in a subsequent MIN_STREAM_DATA frame, but loss and reordering can
   cause MIN_STREAM_DATA frames to be received out of order.
   MIN_STREAM_DATA frames that do not increase the stream's Min Stream
   Offset MUST be ignored.

4.  Effect of MIN_STREAM_DATA on Flow Control

   Specifying Unsent Bytes separately from Send Data in MIN_STREAM_DATA
   is done to avoid using stream and connection flow control credits to
   notify the other endpoint of bytes that will never be transmitted.

   The value of Sent Data field MUST be used in flow control accounting.
   A receipt of a MIN_STREAM_DATA frame MUST advance the stream and
   connection flow control credits, if the maximum data offset received
   on Stream ID is less than Sent Data.

   Also, a receipt of MIN_STREAM_DATA that advances Min Stream Offset
   for the stream beyond the stream's MAX_STREAM_DATA SHOULD be treated
   as a receipt of a STREAM_BLOCKED frame.

5.  Sender Interface and Behavior

   It is recommended that a QUIC library API provides a way for a sender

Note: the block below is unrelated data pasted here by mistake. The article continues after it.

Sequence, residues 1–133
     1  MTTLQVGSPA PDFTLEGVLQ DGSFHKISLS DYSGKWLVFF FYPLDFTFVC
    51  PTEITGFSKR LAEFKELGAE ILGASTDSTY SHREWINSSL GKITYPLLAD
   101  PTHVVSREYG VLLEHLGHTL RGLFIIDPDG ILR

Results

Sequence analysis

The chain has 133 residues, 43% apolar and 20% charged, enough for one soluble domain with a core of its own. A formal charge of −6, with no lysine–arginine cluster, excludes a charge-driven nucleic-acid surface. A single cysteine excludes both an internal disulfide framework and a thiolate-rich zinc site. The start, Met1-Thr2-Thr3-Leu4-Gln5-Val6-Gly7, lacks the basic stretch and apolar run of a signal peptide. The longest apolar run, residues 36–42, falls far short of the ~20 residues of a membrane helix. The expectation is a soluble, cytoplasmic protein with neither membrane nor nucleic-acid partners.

to update the minimum retransmittable offset for a stream.  A typical
   sender would call an API function providing this functionality
   whenever any data previously enqueued for transmission expires, per
   application semantics.  The sender would keep track of the message
   boundaries of such data.  If all data between the current Min Stream
   Offset and the new Min Stream Offset has been acknowledged, no action
   is performed by the sender's QUIC implementation.  Otherwise, if
   there is unacknowledged data, a MIN_STREAM_DATA frame is transmitted.





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   An application may decide to conditionally expire messages based on
   the delivery status of prior messages.  For example, an application
   may wish to ensure that its large messages are delivered at least at
   a given minimum rate before expiring a partially-delivered message
   just because their is a newer message to deliver.  That is, if the
   rate of data the application wishes to write exceeds the network's
   throughput, the application may want to ensure that at least some
   messages are delivered in their entirety.  To support this use case,
   it is recommended that a QUIC library API provides a way for the
   sender to minitor the smallest unacknowledged stream offset greater